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Outside View: Russian cops pack new heat

The PP-2000 became wildly popular after the government announced its plans to equip the Interior Ministry's special units with this hard-hitting weapon. It has the following specifications: length (stock closed/open): 34/58.2 cm; weight: 1.4 kg; effective range: 50 to 100 meters; and magazine capacity: 20 to 30 rounds.
by Ilya Kramnik
Moscow (UPI) Nov 11, 2008
On Oct. 28 to 31, Moscow hosted the Interpolitech-2008 international arms exhibition featuring the most advanced Russian and foreign-made military and specialized equipment for police and secret services.

Equipment purchases for national security agencies and secret services were also announced.

UAZ Patriot scout vehicles and unmanned aerial vehicles for the Russian Federal Security Service's border troops and state-of-the-art liquid-crystal displays from Belarus and many other systems were displayed.

However, the star of the show was the PP-2000 conventional blowback operated submachine gun, developed in the early 2000s by the famous Instrument Design Bureau (KBP) in Tula, a city 193 km (120 miles) south of Moscow.

The PP-2000 became wildly popular after the government announced its plans to equip the Interior Ministry's special units with this hard-hitting weapon. It has the following specifications: length (stock closed/open): 34/58.2 cm; weight: 1.4 kg; effective range: 50 to 100 meters; and magazine capacity: 20 to 30 rounds.

Unlike the Kalashnikov AKS-74U assault rifle with a 50cm folded-stock length, the PP-2000 can be concealed. This is an ideal police weapon, capable of firing handgun cartridges with a lower muzzle velocity. Consequently, the chances of ricochet are minimized.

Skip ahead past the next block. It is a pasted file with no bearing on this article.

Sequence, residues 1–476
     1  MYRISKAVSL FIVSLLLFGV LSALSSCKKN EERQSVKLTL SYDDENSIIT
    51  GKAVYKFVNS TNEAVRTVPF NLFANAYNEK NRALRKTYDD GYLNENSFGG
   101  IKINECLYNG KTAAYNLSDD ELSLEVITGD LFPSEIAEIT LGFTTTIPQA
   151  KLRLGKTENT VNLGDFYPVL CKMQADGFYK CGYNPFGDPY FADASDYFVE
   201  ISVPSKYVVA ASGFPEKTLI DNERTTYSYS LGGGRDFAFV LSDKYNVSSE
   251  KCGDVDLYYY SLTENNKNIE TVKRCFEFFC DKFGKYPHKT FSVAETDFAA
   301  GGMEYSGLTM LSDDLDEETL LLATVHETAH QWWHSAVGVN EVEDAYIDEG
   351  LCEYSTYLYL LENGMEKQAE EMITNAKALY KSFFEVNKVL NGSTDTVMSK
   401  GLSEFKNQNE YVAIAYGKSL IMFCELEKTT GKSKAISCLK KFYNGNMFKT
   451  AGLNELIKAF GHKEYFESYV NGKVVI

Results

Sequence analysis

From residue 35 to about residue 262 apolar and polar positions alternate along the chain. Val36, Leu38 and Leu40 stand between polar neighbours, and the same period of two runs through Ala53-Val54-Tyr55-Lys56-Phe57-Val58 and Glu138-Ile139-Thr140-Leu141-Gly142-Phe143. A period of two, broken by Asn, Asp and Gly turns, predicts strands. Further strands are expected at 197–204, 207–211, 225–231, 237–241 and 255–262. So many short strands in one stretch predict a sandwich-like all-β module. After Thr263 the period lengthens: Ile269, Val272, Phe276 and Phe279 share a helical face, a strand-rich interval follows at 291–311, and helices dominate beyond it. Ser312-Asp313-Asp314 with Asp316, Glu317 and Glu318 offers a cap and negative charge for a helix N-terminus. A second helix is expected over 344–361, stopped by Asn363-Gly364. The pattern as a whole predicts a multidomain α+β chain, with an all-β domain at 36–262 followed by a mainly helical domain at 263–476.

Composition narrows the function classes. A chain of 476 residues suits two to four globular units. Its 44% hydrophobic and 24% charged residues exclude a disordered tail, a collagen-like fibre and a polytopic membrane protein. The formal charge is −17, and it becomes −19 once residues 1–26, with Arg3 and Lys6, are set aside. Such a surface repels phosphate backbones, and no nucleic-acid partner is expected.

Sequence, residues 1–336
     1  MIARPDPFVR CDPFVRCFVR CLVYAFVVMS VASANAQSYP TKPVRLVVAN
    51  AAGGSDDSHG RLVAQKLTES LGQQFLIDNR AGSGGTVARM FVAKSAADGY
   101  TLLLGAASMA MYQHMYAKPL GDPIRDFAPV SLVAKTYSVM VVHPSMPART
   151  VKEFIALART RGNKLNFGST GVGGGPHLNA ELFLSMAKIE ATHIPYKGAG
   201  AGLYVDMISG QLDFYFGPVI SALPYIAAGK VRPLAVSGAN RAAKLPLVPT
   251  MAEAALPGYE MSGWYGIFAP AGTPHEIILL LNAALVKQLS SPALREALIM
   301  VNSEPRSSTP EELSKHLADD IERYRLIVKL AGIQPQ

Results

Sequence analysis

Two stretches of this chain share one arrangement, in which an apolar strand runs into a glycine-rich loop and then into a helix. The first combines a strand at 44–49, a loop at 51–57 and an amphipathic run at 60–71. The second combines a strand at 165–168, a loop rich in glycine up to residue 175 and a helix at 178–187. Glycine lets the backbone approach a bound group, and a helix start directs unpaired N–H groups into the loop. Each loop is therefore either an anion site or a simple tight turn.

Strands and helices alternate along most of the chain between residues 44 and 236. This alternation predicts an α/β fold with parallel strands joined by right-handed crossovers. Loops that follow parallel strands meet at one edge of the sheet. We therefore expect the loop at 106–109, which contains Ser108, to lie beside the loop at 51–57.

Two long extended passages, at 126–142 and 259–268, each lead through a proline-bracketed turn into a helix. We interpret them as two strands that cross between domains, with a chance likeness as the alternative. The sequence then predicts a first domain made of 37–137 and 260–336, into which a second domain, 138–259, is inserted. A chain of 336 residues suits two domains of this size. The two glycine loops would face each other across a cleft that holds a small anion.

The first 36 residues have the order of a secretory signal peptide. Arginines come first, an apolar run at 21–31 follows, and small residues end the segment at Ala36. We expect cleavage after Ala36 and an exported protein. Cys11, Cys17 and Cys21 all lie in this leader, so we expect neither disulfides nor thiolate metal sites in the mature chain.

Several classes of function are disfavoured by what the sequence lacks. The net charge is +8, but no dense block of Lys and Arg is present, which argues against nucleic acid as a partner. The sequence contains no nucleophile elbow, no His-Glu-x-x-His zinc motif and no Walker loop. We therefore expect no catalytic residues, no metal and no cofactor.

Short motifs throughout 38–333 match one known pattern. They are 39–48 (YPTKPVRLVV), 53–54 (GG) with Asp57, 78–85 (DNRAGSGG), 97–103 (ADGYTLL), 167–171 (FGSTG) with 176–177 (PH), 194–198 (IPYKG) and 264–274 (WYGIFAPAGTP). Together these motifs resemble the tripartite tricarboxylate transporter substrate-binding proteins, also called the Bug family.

The PP-2000 can also fire 9x19 7N31 armor-piercing cartridges against body armor and motor vehicles.

Like many other Russian weapons, the easy-to-use PP-2000 has a rudimentary design for quick maintenance and repairs. All production versions are fitted with Picatinny rail for installing various sighting devices.

They have begun producing PP-2000s for the Interior Ministry's special units. The authorities will have no trouble requisitioning and issuing these sturdy and convenient weapons to its patrolmen, traffic police and other units.

Consequently, it will become possible to equip drivers/mechanics, surface-to-air missile system operators, gunners and other military personnel with AKS-74U assault rifles, which are smaller than full-size Kalashnikov rifles and are more effective than handguns or submachine guns.

Apart from weapons and special equipment for police and secret-service units, the exhibition featured civilian products, including numerous cold-steel weapons and fearsome-looking "household knives."

Large companies and self-employed businessmen displayed hunting and carving knives, as well as intricate Damascus-steel weapons with lavishly decorated wooden handles.

Motorists came to see SUVs assembled by GAZ Group in Nizhny Novgorod and the Ulyanovsk Automotive Plant (UAZ) and the less popular Trekol cars.

UAZ showed its conventional and armored command vehicles and the Bars and Patriot SUVs used by the border troops and the Interior Ministry.

A border force spokesman said there was no alternative to UAZ vehicles in Russia, and that they would continue to order them. The border troops operate upgraded UAZ SUVs instead of production vehicles.

The exhibition also featured the Lavina (Avalanche) riot-control vehicle with water cannons for dispersing aggressive crowds. Some production vehicles featured various types of additional equipment. An UAZ Bukhanka (Bread Loaf) SUV with an electric theft-prevention system will give any car thief the jolt of his life.

Well-informed sources said the public may soon get to see classified equipment displayed at several pavilions closely guarded by Federal Security Service operatives.

(Ilya Kramnik is a military commentator for the RIA Novosti news agency. The opinions expressed in this article do not necessarily represent those of RIA Novosti.)

(United Press International's "Outside View" commentaries are written by outside contributors who specialize in a variety of important issues. The views expressed do not necessarily reflect those of United Press International. In the interests of creating an open forum, original submissions are invited.)

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Kalashnikov turns 89, a 'happy man' for creating AK-47
Moscow (AFP) Nov 10, 2008
Legendary former Russian general Mikhail Kalashnikov, who celebrated his 89th birthday on Monday, said he was a "truly happy man" for having created the iconic assault rifle bearing his name.







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